My parents took us to cemeteries regularly during my young years. They taught us about our people and our past by reading the headstones, each one with a story. They taught us to never, never, walk on a grave, because it showed great disrespect for the bones beneath our feet. Sometimes, in the old cemeteries, it is hard to tell exactly where the graves are, but I still try my best not to walk on one.
Today marks 75 years since that morning when Pearl Harbor, Hawaii, was attacked by the Japanese. Hundreds of men died, and our country entered World War II. The ship Arizona was among those that sank that day. In 1962, the Arizona memorial was built directly over where the skeleton of the great ship rests on the shallow seafloor. It covers what remains of 1177 souls lost in a few minutes on that Sunday morning. When we were there in October, it was a somber place. It felt like I was walking on graves.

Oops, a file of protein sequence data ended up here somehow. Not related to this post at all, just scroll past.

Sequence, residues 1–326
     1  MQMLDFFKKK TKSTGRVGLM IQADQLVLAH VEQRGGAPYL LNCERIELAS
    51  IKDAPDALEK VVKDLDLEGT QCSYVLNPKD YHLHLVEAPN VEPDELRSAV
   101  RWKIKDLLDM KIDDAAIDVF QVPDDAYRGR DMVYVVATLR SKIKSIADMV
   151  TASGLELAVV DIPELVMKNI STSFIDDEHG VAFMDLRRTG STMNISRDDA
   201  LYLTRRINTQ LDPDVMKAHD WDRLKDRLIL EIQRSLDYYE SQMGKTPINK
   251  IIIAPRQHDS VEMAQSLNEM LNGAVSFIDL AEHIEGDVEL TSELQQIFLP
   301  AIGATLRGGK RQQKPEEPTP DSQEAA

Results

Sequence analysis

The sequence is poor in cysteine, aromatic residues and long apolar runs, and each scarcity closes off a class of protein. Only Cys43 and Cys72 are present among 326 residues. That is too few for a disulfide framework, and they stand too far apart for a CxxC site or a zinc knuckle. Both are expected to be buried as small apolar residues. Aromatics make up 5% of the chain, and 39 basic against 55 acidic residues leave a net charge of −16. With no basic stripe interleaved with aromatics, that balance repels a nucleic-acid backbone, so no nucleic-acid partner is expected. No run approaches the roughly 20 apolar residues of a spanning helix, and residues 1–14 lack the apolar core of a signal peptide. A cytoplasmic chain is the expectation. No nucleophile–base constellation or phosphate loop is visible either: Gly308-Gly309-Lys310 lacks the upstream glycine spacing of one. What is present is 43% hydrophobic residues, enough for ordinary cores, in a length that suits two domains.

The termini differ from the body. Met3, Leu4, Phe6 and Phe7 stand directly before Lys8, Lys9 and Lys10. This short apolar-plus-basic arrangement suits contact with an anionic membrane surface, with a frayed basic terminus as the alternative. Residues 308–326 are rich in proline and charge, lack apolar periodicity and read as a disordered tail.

Seventy-five years later, oil from the Arizona leaks to the surface, at the rate of about nine quarts a day. Environmentalists there predict that it will seep for another half-century. Seeing that oil on the water made the battle so authentic and personal to me.
There may come a time, maybe not so far in the future, when I won't remember much, but I don't think I can ever forget the sadness I felt when I saw that oil on the water; a physical reminder of the overwhelming loss to wives, mothers, families, and our country.